In the introduction of Into the Void, a second installment of Eisenman’s collected writings, Jeffrey Kipnis expounds on the concept of heresy. He explains the term in its original context, that of Catholicism. He states,


From the perspective of Catholicism, for example, neither an aborigine, or a Jew, nor an atheist is a heretic; they are heathen or infidel. Nor is a Catholic heretic who abandons the faith or converts to another, but rather apostate. To be a heretic, one must be a baptized Catholic who affirms and practices Catholicism, but in such a way as to defy official church dogma. Heresy, therefore, is not merely a synonym for sin, laxity, or misprision. Rather, in its essence it is a purposeful and precise theoretical act of resistance that can only be perpetrated by a well-schooled predicant.4


This metaphor crystallizes the concept of resistance, an act which Eisenman is clearly very fond of. To resist, one must consciously challenge an existing canon; to pursue something totally unrelated or to uncritically appropriate from the canon is simply an act of flight, not fight. This distinction between engagement and departure can be seen throughout the arts in the twentieth century; the trajectory of modern dance, starting with classical ballet and continuing to Forsythe, offers a particularly apt comparison to Eisenman’s position within the trajectory of modern architecture. Kipnis continues, “In those terms, Eisenman is Architecture’s consummate heretic, a high priest bent on challenging one dogma after another, but never so far as to deny the faith.”5 (If Eisenman is the heretic, then perhaps Venturi is the heathen and Graves the apostate.) Uncannily, Forsythe receives the same characterization by a critic of his own field: "Brilliant, inscrutable and wildly entertaining by turns, he is at once a ballet purist and the high priest of post-structural contemporary dance." The critic continues,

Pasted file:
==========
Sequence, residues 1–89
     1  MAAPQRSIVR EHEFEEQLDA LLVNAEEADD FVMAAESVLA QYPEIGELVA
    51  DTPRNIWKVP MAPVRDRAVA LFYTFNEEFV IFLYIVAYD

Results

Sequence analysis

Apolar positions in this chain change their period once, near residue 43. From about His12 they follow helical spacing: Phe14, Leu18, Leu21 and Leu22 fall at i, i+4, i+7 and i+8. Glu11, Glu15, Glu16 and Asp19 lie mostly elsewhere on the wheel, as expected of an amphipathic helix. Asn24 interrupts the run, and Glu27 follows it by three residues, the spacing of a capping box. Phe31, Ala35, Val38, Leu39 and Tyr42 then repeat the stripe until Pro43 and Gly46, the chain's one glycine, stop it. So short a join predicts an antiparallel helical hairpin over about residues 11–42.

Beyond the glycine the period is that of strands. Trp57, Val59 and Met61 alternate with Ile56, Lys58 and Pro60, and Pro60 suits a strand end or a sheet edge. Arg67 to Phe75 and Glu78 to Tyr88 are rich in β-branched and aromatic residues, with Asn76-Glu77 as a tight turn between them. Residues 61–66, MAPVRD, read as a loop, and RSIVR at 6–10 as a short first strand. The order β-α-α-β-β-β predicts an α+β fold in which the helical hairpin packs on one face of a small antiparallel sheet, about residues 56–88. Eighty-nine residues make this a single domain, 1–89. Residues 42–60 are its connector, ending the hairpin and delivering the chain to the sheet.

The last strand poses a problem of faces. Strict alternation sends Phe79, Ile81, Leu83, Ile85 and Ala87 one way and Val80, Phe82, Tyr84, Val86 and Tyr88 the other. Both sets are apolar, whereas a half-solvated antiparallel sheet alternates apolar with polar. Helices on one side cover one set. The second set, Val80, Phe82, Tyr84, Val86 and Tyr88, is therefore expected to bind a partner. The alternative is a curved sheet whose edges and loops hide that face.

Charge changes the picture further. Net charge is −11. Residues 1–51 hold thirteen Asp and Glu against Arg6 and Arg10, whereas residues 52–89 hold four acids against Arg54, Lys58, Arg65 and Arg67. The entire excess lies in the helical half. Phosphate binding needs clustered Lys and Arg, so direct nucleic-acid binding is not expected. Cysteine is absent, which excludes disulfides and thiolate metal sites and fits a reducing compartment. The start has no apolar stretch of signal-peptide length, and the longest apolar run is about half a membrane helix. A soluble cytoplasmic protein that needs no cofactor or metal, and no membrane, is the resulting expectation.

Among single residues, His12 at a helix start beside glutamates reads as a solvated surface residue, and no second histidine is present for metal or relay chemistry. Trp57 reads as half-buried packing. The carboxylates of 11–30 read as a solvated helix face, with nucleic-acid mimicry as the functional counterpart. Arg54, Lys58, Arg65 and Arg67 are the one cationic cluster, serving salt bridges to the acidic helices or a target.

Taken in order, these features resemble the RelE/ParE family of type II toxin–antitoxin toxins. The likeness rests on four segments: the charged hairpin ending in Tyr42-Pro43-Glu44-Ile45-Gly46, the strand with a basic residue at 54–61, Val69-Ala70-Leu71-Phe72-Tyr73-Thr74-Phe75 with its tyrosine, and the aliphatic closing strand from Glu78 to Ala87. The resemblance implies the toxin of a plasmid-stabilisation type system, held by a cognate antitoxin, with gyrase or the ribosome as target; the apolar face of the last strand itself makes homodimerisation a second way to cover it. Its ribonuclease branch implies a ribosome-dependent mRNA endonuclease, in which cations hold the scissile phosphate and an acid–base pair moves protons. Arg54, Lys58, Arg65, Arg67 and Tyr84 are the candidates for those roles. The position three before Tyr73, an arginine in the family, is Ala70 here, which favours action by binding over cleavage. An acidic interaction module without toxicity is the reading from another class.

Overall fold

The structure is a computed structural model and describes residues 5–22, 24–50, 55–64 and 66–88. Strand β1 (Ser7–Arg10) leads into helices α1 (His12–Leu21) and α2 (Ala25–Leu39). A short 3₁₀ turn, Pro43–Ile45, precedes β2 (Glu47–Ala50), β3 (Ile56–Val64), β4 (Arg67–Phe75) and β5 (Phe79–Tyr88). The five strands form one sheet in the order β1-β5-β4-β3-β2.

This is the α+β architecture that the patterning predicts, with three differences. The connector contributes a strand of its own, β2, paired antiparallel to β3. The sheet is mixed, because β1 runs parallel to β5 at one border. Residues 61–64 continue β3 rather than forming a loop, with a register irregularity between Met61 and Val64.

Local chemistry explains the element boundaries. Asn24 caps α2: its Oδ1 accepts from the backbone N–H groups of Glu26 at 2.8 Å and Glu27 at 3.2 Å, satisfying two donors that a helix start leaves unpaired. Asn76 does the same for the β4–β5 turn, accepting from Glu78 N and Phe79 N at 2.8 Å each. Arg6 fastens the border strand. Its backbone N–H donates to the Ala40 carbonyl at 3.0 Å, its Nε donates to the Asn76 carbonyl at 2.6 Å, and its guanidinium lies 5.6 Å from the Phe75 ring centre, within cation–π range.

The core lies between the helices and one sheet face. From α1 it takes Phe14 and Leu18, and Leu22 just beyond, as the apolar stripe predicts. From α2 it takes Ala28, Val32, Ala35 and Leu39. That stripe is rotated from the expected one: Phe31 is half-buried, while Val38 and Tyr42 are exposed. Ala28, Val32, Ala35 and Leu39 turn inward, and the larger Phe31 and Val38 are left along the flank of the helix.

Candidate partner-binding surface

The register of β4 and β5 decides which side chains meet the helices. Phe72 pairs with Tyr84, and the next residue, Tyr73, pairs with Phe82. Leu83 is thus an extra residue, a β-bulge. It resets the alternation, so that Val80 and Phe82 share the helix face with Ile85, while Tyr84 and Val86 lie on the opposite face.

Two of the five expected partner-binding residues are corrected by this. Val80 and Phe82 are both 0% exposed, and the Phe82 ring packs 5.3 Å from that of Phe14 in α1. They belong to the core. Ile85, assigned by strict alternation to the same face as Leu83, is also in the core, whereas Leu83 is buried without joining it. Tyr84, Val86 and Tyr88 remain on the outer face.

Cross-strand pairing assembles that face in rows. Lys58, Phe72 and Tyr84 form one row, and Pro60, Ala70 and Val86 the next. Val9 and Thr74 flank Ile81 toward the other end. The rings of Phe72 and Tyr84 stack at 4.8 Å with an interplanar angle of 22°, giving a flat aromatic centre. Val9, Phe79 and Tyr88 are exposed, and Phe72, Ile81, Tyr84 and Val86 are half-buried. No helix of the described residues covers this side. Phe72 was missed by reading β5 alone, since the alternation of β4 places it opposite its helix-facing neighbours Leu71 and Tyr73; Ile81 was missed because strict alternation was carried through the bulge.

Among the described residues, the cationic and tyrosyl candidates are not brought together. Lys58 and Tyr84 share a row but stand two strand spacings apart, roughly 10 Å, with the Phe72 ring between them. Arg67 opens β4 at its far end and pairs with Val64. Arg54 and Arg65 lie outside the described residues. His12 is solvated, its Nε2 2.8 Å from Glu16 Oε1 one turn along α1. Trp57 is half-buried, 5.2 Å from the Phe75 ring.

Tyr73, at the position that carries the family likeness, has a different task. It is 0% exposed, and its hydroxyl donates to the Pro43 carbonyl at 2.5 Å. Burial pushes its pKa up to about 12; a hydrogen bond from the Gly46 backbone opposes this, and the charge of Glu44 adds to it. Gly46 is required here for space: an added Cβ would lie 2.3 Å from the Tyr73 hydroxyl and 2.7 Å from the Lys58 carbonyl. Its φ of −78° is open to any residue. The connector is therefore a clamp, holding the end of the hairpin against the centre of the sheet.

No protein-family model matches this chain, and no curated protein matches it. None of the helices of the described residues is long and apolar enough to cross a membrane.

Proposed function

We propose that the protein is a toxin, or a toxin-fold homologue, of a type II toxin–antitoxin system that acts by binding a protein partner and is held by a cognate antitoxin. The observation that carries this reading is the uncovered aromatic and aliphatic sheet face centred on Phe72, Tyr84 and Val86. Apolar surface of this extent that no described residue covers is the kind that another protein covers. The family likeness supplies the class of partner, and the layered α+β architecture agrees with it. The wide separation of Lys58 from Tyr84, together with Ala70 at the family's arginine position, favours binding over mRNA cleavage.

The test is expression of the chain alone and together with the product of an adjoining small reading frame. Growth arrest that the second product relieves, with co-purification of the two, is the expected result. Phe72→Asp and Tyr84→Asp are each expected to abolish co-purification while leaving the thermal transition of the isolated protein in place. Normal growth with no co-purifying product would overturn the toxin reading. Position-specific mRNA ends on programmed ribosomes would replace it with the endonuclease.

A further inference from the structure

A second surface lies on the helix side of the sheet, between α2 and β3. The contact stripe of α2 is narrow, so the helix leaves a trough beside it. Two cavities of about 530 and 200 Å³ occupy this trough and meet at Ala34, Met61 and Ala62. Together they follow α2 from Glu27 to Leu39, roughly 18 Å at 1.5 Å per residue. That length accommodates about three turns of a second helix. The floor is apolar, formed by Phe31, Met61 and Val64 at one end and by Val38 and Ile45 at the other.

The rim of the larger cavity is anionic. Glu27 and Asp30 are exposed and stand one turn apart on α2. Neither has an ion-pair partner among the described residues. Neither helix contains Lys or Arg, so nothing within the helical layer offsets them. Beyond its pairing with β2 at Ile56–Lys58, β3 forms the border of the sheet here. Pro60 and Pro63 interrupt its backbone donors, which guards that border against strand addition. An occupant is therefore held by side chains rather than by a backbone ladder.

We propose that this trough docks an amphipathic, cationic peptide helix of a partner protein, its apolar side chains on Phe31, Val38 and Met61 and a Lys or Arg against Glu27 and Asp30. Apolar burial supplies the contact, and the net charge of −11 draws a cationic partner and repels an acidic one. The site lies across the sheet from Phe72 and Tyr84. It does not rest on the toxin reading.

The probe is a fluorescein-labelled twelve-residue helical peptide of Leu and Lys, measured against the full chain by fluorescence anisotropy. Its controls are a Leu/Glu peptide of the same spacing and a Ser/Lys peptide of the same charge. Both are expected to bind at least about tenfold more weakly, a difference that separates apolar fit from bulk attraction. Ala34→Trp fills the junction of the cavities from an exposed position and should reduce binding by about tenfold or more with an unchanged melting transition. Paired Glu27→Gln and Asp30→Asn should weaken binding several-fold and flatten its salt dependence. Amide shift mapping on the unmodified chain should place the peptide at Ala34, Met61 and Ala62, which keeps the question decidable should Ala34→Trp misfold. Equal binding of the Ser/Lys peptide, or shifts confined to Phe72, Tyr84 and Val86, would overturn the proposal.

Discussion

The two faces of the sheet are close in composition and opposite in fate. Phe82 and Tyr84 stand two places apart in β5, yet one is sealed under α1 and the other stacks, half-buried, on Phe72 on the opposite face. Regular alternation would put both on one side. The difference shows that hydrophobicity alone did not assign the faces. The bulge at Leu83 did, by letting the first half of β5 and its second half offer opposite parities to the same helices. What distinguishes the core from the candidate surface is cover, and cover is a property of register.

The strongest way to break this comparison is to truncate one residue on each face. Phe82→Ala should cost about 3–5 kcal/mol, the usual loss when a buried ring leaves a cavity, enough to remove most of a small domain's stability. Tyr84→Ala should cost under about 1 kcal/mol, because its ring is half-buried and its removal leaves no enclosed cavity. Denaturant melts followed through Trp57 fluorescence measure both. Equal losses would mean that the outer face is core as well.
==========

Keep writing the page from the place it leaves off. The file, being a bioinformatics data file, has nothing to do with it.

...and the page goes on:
Forsythe's basic idea is that ballet is like a language. It has vocabulary and rules of correct usage. But correct usage is not his focus - he's much more interested in bending and breaking the rules. So watch out for how the geometries of classical ballet are twisted, tilted or pulled out of line.6